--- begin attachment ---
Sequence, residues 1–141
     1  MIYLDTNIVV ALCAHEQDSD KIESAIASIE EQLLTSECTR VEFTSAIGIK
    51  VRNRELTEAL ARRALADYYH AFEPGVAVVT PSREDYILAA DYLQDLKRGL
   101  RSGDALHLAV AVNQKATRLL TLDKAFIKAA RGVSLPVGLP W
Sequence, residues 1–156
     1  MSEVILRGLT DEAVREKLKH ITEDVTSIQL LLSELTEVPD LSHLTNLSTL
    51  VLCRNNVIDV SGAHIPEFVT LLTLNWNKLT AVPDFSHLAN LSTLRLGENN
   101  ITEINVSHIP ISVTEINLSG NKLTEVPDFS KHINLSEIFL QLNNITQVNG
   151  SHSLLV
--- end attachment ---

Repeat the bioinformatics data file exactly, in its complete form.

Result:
Sequence, residues 1–141
     1  MIYLDTNIVV ALCAHEQDSD KIESAIASIE EQLLTSECTR VEFTSAIGIK
    51  VRNRELTEAL ARRALADYYH AFEPGVAVVT PSREDYILAA DYLQDLKRGL
   101  RSGDALHLAV AVNQKATRLL TLDKAFIKAA RGVSLPVGLP W
Sequence, residues 1–156
     1  MSEVILRGLT DEAVREKLKH ITEDVTSIQL LLSELTEVPD LSHLTNLSTL
    51  VLCRNNVIDV SGAHIPEFVT LLTLNWNKLT AVPDFSHLAN LSTLRLGENN
   101  ITEINVSHIP ISVTEINLSG NKLTEVPDFS KHINLSEIFL QLNNITQVNG
   151  SHSLLV